VIDEO Viral Servanthood

Servanthood is a pure expression of love. 1.

For you, brethren, have been called to liberty; only do not use liberty as an opportunity for the flesh, but through love serve one another.  Galatians 5:13


When the coronavirus struck China earlier this year, millions of people fled or were quarantined, as fear spread across China to the world. One group of people, however, had a different response. Christians in the city of Wuhan—the virus’ epicenter—went into the streets distributing face masks, passing out Gospel brochures, and sharing the message of Jesus. One pastor said, “It is readily apparent that we are facing a test of our faith. The situation is so critical, yet [we are] trusting in the Lord’s promises, that his thoughts toward us are of peace, and not evil, and that he allows for a time of testing, not to destroy us, but to establish us.”[1]

Christians find joy through serving and helping others. Even in trying times, we can encourage and assist others—especially those who are sick or alone. If you can’t leave your home, you can still reach out with a card, an email, a phone call, and through prayer. It is our joy as followers of Jesus Christ to minister to others in His Name. He brought joy to the world!

You have not lived today until you have done something for someone who can never repay you. John Bunyan

Galatians 5:13-15 – In Depth – Pastor Chuck Smith – Bible Studies

Loved, Beautiful, Gifted

The Spirit himself testifies with our spirit that we are God’s children.  Romans 8:16


Malcolm appeared confident as a teenager. But this confidence was a mask. In truth, a turbulent home left him fearful, desperate for approval, and feeling falsely responsible for his family’s problems. “For as far back as I remember,” he says, “every morning I would go into the bathroom, look in the mirror, and say out loud to myself, ‘You are stupid, you are ugly, and it’s your fault.’”

Malcolm’s self-loathing continued until he was twenty-one, when he had a divine revelation of his identity in Jesus. “I realized that God loved me unconditionally and nothing would ever change that,” he recalls. “I could never embarrass God, and He would never reject me.” In time, Malcolm looked in the mirror and spoke to himself differently. “You are loved, you are beautiful, you are gifted,” he said, “and it’s not your fault.”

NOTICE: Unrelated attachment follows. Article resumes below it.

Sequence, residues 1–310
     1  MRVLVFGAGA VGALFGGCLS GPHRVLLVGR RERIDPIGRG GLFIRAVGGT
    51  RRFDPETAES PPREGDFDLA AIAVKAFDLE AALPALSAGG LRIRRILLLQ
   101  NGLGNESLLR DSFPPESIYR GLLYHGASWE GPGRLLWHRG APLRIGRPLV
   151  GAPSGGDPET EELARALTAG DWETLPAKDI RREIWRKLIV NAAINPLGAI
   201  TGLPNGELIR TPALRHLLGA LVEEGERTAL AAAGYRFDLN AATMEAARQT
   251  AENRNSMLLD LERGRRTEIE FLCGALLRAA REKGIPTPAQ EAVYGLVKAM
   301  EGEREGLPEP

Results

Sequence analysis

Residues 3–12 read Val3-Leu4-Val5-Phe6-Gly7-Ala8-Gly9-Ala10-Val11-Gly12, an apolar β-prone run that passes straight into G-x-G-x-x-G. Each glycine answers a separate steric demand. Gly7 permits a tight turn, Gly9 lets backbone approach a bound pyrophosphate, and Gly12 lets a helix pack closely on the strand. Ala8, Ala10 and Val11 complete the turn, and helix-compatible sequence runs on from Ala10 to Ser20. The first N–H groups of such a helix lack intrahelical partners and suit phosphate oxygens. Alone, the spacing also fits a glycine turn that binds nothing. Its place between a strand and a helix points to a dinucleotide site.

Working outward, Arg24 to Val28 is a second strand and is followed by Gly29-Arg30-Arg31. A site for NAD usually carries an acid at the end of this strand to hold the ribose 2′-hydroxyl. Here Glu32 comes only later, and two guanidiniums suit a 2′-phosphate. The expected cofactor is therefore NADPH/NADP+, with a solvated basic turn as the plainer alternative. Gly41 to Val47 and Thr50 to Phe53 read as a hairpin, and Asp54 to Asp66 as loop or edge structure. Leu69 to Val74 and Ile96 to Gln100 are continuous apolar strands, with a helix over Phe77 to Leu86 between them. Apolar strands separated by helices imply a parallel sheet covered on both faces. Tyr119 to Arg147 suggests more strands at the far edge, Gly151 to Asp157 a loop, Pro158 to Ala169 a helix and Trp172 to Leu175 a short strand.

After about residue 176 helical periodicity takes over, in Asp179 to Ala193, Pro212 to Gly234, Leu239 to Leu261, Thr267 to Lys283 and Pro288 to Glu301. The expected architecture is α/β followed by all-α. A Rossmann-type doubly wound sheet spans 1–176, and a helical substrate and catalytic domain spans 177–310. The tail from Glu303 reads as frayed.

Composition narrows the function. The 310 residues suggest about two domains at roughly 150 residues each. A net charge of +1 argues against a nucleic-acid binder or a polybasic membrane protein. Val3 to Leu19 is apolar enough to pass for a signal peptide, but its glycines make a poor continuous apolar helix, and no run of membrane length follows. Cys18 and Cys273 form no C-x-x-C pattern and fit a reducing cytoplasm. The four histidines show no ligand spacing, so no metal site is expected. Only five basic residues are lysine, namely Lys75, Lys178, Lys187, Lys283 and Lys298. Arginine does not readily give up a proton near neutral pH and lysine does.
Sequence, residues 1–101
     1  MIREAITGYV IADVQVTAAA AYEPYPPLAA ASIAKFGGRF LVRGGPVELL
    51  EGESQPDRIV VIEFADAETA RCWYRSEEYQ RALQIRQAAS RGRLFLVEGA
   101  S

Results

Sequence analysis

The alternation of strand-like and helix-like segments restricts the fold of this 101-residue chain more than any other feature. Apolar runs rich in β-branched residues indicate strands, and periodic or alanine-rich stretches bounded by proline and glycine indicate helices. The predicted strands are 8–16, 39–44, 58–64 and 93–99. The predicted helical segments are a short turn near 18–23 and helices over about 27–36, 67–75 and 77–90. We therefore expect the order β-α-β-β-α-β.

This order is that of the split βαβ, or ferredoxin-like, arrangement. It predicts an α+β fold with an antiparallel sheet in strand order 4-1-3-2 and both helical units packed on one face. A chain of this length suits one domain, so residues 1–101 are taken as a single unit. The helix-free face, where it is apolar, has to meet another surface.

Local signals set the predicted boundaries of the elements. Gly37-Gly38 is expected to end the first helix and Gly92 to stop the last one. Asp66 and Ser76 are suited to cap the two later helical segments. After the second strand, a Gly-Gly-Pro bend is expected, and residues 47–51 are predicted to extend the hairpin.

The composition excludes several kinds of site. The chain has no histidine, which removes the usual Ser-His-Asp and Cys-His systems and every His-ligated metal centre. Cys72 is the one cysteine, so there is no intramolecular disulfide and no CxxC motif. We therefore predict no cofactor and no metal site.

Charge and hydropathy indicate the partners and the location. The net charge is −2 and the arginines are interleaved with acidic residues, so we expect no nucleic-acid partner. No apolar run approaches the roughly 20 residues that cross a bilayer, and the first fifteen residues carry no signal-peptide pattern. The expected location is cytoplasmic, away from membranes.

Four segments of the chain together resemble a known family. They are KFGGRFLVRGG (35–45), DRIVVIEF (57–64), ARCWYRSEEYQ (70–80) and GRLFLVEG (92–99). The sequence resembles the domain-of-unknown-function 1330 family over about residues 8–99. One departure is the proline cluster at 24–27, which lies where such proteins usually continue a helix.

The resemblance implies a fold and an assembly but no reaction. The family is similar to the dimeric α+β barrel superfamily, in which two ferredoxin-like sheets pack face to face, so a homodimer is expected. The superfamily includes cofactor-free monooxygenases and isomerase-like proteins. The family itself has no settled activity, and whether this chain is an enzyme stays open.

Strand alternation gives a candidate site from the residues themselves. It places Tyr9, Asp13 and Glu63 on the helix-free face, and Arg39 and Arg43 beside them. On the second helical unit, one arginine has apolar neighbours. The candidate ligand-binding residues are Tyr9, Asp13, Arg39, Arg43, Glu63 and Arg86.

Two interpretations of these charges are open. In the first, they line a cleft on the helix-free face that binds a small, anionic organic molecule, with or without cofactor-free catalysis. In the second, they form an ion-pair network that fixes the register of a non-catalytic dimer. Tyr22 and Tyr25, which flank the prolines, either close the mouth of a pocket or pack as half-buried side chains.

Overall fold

Malcolm’s experience illustrates what God’s Spirit does for the believer in Jesus—He frees us from fear by revealing how profoundly loved we are (Romans 8:15, 38–39), and confirms that we are children of God with all the benefits that status brings (8:16–17; 12:6–8). As a result, we can begin seeing ourselves correctly by having our thinking renewed (12:2–3).

Years later, Malcolm still whispers those words each day, reinforcing who God says he is. In the Father’s eyes he’s loved, beautiful, and gifted. And so are we.

By:  Sheridan Voysey

Reflect & Pray

What words come to mind when you see yourself in the mirror? How different are they from Scripture’s depiction of what God sees in you?

Father, thank You for loving me, gifting me, and making me Your child. May Your Spirit work in me today to truly, deeply believe it.

Holy Spirit’s Gifts

1 Corinthians 12:1-31

Look into any healthy church, and you will find believers who are actively serving the Lord as well as some who are not. But Christ’s church was never meant to resemble a sporting event with a few participants on the field and many spectators in the stands. Although some may be uninvolved because of apathy, there are many Christians who just feel inadequate. But a believer’s limitations are no excuse, because God has provided everything we need to serve successfully.

On our own, every one of us is ill-equipped because human strength and talent are insufficient for service to God. Therefore, the Lord has given each of us specific divinely empowered abilities called spiritual gifts to use in doing the work of Christ. We can’t choose for ourselves what our gift will be; this is the prerogative of the Holy Spirit. He alone knows exactly what He wants to accomplish and enables each of us accordingly.

The Spirit’s gifts are to be used for the common good of the church. Though given to us, they’re intended for the benefit of others. Our responsibility is to start serving, and in doing so, we will begin to discover how unified the body of Christ really is.

The Lasting Noahic Covenant

“And I will establish my covenant with you; neither shall all flesh be cut off any more by the waters of a flood; neither shall there any more be a flood to destroy the earth.” (Genesis 9:11)

When God gave Noah this promise, the world had just been through the devastating cataclysm that flooded the entire globe and destroyed all except those on the Ark. The world was fearful and barren, and there seemed nothing to prevent another such flood from coming on the earth.